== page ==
As a science fiction author, Patterson has published numerous short stories in such magazines as Fortean Bureau and Strange Horizons and in compilations such as The Doom of Camelot and The Children of Cthulhu and is credited with contributing to the Steve Jackson Games game GURPS Villains. Her poetry has been influenced by her scientific research; for example, her poem "Leaving Devon Island"[20] is in reference to the Flashline Mars Arctic Research Station on Devon Island, Nunavut, Canada.


Patterson frequently discusses such issues as copyright reform,[21] biohacking,[22] the Military Commissions Act,[23] Proposition 8 and civil rights issues,[24] and programming languages[25] on her personal blog. Patterson has also contributed multiple articles to the blog BoingBoing.[26]

In spring of 2008, she published a paper with David Chaum and Len Sassaman[27] in a USENIX workshop[28] criticizing the lack of attention paid to user-privacy in the OLPC (One Laptop per Child) computer.[29]


Sassaman slips a blue cable-tie ring on Pattersons' finger

A two-time CodeCon presenter, Patterson married the co-organizer of the event, Len Sassaman, after a public proposal at CodeCon 2006. As Sassaman was also famous among the geek community, their marriage was held up as an example of a geek power couple.[30] They were together until Sassaman's death in 2011.

Patterson, who was diagnosed with autism in adulthood, has stated that "a single-minded focus" has helped her to have an "overwhelmingly positive relationship" with the male-dominated technology community.[31] Although acknowledging that other women have experienced discrimination or sexual assault, she has urged advocacy groups not to minimize the experiences of women who feel welcome, and prefers the Anita Borg Institute for Women and Technology over the Ada Initiative on these grounds.[32]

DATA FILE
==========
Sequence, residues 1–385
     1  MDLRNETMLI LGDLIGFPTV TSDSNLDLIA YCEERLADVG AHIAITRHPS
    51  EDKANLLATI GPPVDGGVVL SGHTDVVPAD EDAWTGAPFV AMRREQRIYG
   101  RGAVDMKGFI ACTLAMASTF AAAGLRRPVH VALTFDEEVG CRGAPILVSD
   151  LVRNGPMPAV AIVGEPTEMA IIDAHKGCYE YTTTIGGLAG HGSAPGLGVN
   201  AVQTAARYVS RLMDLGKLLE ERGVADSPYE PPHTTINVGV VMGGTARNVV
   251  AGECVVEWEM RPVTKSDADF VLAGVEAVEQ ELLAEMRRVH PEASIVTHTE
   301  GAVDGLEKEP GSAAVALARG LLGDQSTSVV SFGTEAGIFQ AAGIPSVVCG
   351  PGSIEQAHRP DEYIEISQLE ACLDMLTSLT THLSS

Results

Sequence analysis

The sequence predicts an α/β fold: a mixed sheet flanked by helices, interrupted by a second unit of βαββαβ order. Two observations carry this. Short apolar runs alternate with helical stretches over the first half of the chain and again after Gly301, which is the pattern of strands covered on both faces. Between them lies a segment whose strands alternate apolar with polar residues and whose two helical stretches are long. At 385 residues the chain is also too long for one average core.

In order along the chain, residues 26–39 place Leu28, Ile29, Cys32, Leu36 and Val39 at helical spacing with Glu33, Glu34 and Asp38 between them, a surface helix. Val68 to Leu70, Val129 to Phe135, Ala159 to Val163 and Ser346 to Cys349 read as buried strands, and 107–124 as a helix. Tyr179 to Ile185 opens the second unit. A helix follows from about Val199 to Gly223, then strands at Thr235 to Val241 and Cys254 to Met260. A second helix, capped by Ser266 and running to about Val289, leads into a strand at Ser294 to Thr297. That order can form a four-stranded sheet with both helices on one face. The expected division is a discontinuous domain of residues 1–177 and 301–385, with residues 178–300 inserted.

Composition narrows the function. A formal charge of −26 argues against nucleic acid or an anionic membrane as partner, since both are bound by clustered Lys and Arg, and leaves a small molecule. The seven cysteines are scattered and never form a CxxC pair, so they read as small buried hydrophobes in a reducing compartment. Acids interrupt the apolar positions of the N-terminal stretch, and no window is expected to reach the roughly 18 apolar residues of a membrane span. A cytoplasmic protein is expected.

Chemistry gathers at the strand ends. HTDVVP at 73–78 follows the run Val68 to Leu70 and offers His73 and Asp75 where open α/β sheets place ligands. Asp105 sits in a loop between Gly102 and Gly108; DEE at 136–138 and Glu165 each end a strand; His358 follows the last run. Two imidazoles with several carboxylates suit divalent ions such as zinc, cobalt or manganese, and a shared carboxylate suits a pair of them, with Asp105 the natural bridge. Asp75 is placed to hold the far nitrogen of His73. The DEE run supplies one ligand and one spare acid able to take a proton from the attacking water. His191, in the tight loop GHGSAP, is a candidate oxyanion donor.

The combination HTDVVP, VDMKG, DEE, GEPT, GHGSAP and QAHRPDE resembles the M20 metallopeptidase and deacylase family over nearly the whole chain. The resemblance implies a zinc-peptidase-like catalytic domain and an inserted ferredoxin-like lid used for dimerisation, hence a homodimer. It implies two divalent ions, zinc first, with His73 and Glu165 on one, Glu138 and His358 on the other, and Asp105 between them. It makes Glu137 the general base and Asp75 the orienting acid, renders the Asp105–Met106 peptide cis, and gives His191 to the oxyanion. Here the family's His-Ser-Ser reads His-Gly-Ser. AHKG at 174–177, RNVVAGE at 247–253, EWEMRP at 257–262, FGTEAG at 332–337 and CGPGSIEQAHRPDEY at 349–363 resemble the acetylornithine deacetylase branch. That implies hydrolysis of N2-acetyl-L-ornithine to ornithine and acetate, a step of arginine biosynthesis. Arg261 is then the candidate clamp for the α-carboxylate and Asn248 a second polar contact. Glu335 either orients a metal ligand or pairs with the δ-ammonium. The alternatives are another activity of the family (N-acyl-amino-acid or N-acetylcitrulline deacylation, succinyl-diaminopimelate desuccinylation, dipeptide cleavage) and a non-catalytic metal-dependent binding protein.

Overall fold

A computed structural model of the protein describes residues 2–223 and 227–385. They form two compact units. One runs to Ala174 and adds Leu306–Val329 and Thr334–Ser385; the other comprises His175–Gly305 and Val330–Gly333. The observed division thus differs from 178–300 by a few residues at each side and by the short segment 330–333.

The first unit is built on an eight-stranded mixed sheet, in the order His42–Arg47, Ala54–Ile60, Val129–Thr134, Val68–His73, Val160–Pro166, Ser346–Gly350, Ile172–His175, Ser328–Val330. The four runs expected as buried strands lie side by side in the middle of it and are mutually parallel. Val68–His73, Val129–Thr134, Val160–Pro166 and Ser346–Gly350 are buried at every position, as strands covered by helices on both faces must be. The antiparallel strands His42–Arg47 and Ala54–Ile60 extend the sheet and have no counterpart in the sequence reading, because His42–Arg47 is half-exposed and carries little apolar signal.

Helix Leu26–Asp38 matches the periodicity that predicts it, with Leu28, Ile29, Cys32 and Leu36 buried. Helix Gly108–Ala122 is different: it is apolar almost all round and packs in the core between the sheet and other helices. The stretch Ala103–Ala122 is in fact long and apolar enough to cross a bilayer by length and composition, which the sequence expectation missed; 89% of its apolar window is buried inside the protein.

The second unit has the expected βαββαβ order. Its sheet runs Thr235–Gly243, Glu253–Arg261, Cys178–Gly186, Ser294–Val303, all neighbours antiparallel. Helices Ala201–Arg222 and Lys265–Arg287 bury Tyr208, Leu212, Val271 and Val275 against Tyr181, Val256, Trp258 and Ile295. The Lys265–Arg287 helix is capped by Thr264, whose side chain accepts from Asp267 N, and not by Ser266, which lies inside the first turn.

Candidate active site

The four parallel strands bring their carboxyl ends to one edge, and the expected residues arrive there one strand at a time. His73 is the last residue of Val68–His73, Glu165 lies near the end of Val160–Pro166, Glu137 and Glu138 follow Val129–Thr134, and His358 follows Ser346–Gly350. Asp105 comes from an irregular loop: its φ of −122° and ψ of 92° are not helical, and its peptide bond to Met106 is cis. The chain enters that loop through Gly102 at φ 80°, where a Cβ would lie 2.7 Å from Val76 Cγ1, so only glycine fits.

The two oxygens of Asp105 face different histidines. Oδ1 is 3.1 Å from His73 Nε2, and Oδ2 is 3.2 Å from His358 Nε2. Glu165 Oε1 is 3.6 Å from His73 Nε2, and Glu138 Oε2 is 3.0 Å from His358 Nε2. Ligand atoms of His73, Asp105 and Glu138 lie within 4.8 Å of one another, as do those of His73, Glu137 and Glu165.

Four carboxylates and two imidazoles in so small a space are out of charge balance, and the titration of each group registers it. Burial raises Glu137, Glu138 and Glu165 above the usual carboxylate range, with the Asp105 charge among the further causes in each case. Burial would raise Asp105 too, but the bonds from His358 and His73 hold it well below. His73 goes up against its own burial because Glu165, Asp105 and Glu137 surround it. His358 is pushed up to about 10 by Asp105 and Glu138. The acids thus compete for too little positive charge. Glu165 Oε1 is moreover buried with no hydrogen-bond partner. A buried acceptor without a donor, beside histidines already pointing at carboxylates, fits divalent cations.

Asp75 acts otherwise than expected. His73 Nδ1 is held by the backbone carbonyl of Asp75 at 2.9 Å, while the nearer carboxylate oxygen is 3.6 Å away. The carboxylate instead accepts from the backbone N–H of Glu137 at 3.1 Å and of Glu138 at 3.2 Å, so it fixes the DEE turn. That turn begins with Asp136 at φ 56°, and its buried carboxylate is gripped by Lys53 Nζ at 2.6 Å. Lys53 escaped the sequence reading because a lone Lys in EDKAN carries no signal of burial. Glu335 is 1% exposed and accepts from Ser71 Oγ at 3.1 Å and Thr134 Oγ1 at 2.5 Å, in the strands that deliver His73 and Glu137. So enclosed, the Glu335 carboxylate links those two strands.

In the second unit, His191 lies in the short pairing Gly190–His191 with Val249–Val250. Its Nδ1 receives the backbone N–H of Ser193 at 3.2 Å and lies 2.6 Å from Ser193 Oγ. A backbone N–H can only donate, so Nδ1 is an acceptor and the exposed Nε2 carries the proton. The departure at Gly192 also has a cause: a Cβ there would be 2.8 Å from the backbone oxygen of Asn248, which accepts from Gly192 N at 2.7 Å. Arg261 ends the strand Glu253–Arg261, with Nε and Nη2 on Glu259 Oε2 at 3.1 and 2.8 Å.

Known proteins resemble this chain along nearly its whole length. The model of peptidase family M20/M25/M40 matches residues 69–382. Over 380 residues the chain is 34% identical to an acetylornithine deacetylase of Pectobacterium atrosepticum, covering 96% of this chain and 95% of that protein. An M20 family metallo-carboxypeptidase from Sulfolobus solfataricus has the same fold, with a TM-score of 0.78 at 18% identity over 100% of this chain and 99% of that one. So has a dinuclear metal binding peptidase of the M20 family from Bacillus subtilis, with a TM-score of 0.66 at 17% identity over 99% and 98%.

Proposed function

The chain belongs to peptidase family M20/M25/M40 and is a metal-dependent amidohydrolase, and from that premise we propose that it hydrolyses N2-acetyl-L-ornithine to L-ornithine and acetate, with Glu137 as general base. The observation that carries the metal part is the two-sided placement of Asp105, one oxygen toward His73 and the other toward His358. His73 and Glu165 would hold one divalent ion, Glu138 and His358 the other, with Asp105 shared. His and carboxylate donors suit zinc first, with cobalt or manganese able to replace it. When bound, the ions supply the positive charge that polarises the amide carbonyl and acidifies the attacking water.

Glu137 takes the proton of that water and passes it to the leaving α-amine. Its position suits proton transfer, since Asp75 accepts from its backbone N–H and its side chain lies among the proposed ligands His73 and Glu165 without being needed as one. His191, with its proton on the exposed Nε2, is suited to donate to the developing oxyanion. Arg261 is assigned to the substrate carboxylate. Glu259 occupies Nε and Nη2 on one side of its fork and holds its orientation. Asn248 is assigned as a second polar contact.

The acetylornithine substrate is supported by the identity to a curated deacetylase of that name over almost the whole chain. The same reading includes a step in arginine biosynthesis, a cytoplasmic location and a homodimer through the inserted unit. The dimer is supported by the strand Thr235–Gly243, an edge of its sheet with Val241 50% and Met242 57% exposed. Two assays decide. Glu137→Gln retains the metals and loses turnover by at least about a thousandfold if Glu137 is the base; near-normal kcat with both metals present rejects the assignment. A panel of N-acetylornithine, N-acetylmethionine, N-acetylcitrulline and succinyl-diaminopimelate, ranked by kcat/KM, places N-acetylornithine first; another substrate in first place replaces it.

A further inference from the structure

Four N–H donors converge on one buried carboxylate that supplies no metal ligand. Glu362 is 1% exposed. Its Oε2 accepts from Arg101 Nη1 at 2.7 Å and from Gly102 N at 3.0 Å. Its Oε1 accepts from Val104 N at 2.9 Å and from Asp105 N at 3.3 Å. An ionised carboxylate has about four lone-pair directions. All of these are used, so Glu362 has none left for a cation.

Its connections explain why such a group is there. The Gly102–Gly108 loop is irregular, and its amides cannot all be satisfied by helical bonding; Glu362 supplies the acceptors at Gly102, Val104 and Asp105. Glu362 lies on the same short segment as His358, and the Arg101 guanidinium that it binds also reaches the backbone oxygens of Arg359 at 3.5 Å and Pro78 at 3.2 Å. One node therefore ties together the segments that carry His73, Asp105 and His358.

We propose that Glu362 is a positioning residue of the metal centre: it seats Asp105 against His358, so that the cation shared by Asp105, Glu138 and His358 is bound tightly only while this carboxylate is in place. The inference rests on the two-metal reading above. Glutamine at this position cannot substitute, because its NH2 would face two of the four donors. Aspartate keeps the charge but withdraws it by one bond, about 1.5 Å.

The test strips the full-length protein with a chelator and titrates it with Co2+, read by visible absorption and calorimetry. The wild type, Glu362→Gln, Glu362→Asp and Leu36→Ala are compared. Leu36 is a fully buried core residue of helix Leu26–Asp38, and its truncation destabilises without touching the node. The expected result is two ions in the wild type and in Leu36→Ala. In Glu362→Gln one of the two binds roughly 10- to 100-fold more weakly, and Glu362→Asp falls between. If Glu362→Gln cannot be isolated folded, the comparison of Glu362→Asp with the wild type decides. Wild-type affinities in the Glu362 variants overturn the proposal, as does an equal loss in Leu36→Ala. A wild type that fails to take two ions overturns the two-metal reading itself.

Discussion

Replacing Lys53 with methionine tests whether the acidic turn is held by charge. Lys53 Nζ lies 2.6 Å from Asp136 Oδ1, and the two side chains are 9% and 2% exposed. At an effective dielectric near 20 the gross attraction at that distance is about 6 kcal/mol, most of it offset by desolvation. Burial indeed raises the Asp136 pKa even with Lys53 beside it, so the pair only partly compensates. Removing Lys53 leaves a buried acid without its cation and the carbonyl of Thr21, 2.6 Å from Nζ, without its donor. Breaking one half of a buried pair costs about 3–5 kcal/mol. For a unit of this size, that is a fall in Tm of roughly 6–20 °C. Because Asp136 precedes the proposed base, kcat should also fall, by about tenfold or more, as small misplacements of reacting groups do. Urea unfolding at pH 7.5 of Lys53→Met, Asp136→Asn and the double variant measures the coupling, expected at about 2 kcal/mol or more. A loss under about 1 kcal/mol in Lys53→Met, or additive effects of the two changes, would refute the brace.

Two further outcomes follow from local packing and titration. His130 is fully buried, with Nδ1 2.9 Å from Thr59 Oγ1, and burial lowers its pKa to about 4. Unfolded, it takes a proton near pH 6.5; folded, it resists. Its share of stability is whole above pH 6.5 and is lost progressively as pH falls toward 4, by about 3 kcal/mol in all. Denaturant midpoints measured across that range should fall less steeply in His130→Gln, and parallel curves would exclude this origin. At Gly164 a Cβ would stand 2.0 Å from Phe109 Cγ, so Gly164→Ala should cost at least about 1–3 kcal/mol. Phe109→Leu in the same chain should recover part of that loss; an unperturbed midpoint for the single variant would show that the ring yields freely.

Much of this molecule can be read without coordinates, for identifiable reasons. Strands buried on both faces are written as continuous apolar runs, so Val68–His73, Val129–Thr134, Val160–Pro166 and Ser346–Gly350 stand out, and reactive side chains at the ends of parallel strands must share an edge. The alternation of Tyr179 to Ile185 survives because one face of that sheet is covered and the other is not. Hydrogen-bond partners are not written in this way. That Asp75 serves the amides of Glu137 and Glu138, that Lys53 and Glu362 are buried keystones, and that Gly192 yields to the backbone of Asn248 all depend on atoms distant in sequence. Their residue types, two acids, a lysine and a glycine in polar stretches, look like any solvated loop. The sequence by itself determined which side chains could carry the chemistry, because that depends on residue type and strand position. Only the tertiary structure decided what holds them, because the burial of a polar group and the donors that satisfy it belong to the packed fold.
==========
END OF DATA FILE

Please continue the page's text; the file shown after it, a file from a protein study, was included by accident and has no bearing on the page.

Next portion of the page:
See also[edit]


  1. ^ "Radio Free Meredith". Archived from the original on February 1, 2012. Retrieved January 4, 2012.
  2. ^ Presentations Archived August 30, 2008, at the Wayback Machine
  3. ^ "h+ Magazine Summer 2009 Issue". Retrieved January 4, 2012.
  4. ^ "Meredith L. Patterson, M.A., M.S." Lifeboat Foundation. Retrieved November 9, 2015.
  5. ^ Belgium. "Radio Free Meredith". Archived from the original on January 19, 2012. Retrieved January 4, 2012.
  6. ^ Patterson, Meredith (January 15, 1998). "Made in Houston". Houston Press. Retrieved November 9, 2015.
  7. ^ "The Mars Society of Houston". Retrieved January 4, 2012.
  8. ^ Bio printed along with a story in the Fortean Bureau Archived November 20, 2008, at the Wayback Machine
  9. ^ "Stopping SQL Injection Attacks" (PDF). Retrieved January 4, 2012.
  10. ^ "O'Reilly Emerging Technology Conference presentation". Archived from the original on October 9, 2006. Retrieved January 4, 2012.
  11. ^ "SHDH presentation". October 22, 2011. Retrieved January 4, 2012.
  12. ^ "Personal bio". Retrieved January 4, 2012.
  13. ^ SciTools Presentation Archived May 11, 2008, at the Wayback Machine
  14. ^ "Klein". Retrieved January 4, 2012.
  15. ^ "QBE". Retrieved January 4, 2012.
  16. ^ PostgreSQL Summit Archived May 9, 2008, at the Wayback Machine
  17. ^ "Dejector". Retrieved January 4, 2012.
  18. ^ Firekeeper. "Firekeeper". Retrieved January 4, 2012.
  19. ^
  20. ^ "Leaving Devon Island". February 22, 1999. Retrieved January 4, 2012.
  21. ^ "Orphan Works Misconceptions". April 27, 2008. Archived from the original on February 10, 2012. Retrieved January 4, 2012.
  22. ^ "DNA Purification". December 16, 2003. Archived from the original on February 13, 2012. Retrieved January 4, 2012.
  23. ^ "A Layman's Guide to Dealing with the Military Commissions Act of 2006". Retrieved January 4, 2012.
  24. ^ "Radio Free Meredith – Prop 8 postmortem, Part 2: Dissecting the Present". November 5, 2008. Archived from the original on February 13, 2012. Retrieved January 4, 2012.
  25. ^ "Programming language analogies". February 28, 2006. Archived from the original on February 13, 2012. Retrieved January 4, 2012.
  26. ^
  27. ^ "Freezing More than Bits" (PDF). Retrieved January 4, 2012.
  28. ^ "UPSEC". Retrieved January 4, 2012.
  29. ^ "Laptops could Betray Users in the Developing World". June 5, 2008. Retrieved January 4, 2012.
  30. ^ "CodeCon Valentines". February 20, 2006. Retrieved January 4, 2012.
  31. ^ Patterson, Meredith (October 14, 2013). "Okay Feminism, It's Time We Had a Talk About Empathy". Medium. Retrieved November 9, 2015.
  32. ^ Patterson, Meredith (October 17, 2012). "Advocacy group preference". Twitter. Retrieved November 9, 2015.

External links[edit]